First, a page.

Sure. But it'll be like most Internet bubbles: the real bubble is in attention. Napster got a lot of attention a couple of years ago. That bubble has "burst," but there's actually more filetrading going on now than there was then. It's just not on the cover of newsmagazines. Similarly, someone will soon announce that blogs are "over," but weblogging will continue at a higher rate than it's going on now. It will just have become part of normal life. We don't hear much about the "electric light revolution" anymore, but that doesn't mean we've all returned to candles.

Anarchy in Academe? A Cultural Analysis of Electronic Scholarly Publishing

A year ago, I wrote a paper for my Technical Communication as Cultural Practice class titled "Anarchy in Academe? A Cultural Analysis of Electronic Scholarly Publishing." After much hemming and hawing, I have finally decided to publish the paper online. Note: It's a big pdf file. The assignment for the final paper was to use cultural studies methodology to study mundane text (any text outside of "the canon," which means basically anything goes). Cultural studies methodology, in this class, entailed using Foucault, de Certeau, and Lyotard as a theoretical framework and asking questions about the cultural context surrounding our mundane text, including: How did conditions come to be this way? What's at stake in this issue? Who benefits from the status quo?

The Role of the Delete Key in Blog

The New York Times has a story today that harks back to depublishing. Daniel Weintraub of the Sacramento Bee has been keeping a blog on California's recall election, and now the newspaper is starting to edit it before it goes live:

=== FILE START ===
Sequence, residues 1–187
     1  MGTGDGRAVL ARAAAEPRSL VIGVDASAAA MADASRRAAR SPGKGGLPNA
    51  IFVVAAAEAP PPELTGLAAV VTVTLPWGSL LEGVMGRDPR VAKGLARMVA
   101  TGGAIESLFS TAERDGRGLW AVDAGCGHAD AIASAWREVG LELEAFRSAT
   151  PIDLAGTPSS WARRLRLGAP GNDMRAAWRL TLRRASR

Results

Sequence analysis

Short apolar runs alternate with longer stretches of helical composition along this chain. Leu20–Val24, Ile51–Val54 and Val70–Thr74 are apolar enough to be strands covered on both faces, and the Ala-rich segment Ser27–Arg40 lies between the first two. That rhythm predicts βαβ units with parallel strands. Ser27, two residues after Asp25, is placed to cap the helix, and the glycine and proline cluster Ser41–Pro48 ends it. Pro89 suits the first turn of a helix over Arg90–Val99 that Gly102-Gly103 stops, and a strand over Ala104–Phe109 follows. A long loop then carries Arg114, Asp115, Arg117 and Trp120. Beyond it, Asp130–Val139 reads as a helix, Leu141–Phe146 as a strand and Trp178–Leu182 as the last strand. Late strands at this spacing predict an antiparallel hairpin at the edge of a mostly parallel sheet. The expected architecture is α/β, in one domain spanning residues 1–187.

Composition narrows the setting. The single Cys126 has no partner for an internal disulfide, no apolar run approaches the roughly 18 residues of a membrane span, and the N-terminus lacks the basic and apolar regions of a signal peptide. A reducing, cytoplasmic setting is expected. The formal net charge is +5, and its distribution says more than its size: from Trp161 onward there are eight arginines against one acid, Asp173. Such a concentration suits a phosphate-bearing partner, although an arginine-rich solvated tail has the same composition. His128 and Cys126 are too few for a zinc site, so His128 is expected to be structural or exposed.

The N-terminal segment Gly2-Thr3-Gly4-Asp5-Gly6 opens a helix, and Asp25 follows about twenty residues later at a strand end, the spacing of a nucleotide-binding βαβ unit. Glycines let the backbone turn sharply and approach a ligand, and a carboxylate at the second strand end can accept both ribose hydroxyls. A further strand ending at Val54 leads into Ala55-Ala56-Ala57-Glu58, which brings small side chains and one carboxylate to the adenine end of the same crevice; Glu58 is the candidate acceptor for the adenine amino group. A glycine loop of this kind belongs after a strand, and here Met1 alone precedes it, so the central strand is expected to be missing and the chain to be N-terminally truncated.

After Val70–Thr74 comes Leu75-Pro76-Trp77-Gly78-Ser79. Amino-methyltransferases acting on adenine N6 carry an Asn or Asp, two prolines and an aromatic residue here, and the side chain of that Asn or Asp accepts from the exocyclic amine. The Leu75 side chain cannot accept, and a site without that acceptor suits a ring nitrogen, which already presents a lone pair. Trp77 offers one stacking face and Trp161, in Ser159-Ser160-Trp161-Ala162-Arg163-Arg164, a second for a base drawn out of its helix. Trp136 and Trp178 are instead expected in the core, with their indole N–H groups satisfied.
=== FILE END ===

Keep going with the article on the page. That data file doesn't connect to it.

Many of the initial censorship accusations stemmed from an article published by The Bee's ombudsman, Tony Marcano, that implied that the new policy was a response to objections to Mr. Weintraub's blog raised by the Latino Caucus, a powerful group of Hispanic state legislators. But Mr. Marcano and other Bee editors have since sought to correct the record, saying the policy was not the result of political pressure, but a response to complaints from Bee news staff members who wanted similar editing procedures of the blog and regular print stories.

Mr. Marcano said he supported the decision, and neither he nor Mr. Weintraub said they agreed with critics who see the new rules as a muzzle.

"I think this is more of a logistical issue than a editing issue,'' Mr. Weintraub said. "I've written nearly 500 columns for The Bee; all of them have been edited, and I can count on one hand the number that have been changed in any substantial way. I expect the same to apply to my blog entries." He said his blog had been edited since about Sept. 10. "It might be slightly more difficult to be immediate and spontaneous, but the editors are committed to being available whenever I am ready to post."

The article suggests we take a look at Cyberjournalist, a resource and portal to journalists' blogs. They have an interesting artifact, the Bloggers' Code of Ethics, which doesn't address the depublishing debate at all.

Cross-posted at Kairosnews.

I'm pickin' up good vibrations...

Today has been awesome so far! This morning was busy, but as I was getting ready to leave my apartment I listened to my Beach Boys CD. I got a few of those "10 Best" series CDs the other day at Best Buy when I went there for a flash drive. I got Beach Boys, Culture Club, Bonnie Tyler, and Blondie/Pat Benatar. I had a nice lunch of pho with Jennifer and Amy, and I also got this lovely compliment. Yippee!

Syndicate content